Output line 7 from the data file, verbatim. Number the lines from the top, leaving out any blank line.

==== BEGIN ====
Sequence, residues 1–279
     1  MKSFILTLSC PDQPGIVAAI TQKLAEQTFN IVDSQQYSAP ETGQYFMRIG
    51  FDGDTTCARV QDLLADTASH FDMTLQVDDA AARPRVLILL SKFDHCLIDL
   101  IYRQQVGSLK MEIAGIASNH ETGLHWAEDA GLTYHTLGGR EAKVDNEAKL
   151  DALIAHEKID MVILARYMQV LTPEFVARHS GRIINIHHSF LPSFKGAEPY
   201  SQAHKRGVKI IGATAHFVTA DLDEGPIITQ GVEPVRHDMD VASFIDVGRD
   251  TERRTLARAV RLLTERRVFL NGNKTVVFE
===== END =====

   251  TERRTLARAV RLLTERRVFL NGNKTVVFE